ON THIS DAY : THE BATTLE OF HASTINGS

Posted on Friday 14th October 2016


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ON THIS DAY

THE BATTLE OF HASTINGS, 1066


14 October 1066 marks the 950th anniversary of the infamous Battle of Hastings, fought on Senlac Hill, seven miles from Hastings between the Norman-French army of William, the Duke of Normandy, and an English army under the last Anglo-Saxon King, Harold Godwinson.


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A painting showing the events of Hastings, inspired by Tom Lovell

Photograph from www.angelfire.com

The Norman conquest of England was the 11th Century invasion and occupation of England by an army of Norman, Breton and French soldiers led by Duke William II of Normandy. King Harold II was defeated by the Norman forces of William the Conqueror on this day 950 years ago.




"William achieved victory at Hastings after he had gouged out his eye with an arrow"

It was a long, bloody, all-day battle that claimed the lives of many soldiers and amongst them was King Harold himself. The Bayeux Tapestry, which depicts the events leading up to the Norman conquest of England, suggests that King Harold was killed by William the Conqueror and recorded that 'William achieved victory at Hastings after he had 'gouged out his eye with an arrow'. The Battle raged on until all of Harold's loyal bodyguards were slain. William was truly then known as 'The Conqueror'.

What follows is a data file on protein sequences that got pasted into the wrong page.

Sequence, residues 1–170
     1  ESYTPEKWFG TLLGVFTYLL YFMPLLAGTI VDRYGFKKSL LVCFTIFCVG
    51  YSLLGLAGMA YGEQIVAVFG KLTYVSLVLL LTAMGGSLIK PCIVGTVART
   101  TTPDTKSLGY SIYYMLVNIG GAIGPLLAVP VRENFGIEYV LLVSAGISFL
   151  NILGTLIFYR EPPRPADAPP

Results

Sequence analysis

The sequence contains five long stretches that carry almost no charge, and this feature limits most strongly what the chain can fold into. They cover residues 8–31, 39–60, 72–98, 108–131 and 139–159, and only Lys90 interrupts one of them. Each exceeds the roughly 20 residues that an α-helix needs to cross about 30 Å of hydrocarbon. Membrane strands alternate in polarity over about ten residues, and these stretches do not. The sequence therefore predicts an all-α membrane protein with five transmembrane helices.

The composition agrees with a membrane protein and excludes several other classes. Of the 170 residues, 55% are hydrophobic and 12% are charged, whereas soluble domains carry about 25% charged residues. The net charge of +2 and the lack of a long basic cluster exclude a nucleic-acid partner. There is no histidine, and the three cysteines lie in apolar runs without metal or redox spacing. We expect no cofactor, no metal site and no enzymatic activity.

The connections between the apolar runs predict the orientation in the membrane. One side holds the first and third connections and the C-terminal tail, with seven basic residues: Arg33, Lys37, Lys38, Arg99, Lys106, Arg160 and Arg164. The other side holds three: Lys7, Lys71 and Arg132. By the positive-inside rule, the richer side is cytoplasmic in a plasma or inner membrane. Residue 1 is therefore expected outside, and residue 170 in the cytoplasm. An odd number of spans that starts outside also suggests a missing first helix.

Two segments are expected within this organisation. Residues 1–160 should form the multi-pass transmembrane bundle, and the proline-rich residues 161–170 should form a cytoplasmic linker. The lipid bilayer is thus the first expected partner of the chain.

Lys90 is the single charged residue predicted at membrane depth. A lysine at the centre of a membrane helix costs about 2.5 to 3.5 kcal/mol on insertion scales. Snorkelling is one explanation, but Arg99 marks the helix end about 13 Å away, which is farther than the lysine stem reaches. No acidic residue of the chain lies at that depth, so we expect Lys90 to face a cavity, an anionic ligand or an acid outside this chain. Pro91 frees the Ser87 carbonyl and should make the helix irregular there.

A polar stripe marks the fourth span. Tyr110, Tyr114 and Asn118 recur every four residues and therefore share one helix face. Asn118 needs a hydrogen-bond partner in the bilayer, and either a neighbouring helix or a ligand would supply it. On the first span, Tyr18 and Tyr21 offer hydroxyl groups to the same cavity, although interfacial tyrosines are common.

On Christmas day 1066 Archbishop Ealdred of York crowned William, the King of England.

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A small section of The Bayeux Tapestry, taken from google.

The Bayeux Tapestry is an embroidered cloth almost 70 metres long and 50 centimetres tall. It's beautiful detail depicts the events leading up to the Norman conquest of England and is one of the supreme achievements of the Norman Romanesque. The tapestry still remains completely intact after more than nine centuries with it's exceptional colour and miraculous craftsmanship making it a very endlessly fascinating piece of history.

3 FACTS YOU DIDN'T KNOW ABOUT THE BATTLE OF HASTINGS...


The first man recorded to be killed in battle was William the conqueror's jester, Taillefer!

In France, The Bayeux Tapestry is sometimes referred to as the Tapestry of Queen Matilda.


During the battle, it was thought that both sides took a break for lunch...


Professor Robert Bartlett describes the Norman victory at the Battle of Hastings in 1066. BBC Two.

Of further interest...